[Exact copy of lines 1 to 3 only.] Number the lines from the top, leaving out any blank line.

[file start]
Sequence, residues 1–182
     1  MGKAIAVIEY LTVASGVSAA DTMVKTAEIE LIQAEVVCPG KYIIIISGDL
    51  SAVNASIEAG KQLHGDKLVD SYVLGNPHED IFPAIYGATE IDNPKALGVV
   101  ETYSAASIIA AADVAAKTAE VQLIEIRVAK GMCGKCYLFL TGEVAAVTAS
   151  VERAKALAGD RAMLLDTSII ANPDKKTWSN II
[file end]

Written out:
Sequence, residues 1–182
     1  MGKAIAVIEY LTVASGVSAA DTMVKTAEIE LIQAEVVCPG KYIIIISGDL
    51  SAVNASIEAG KQLHGDKLVD SYVLGNPHED IFPAIYGATE IDNPKALGVV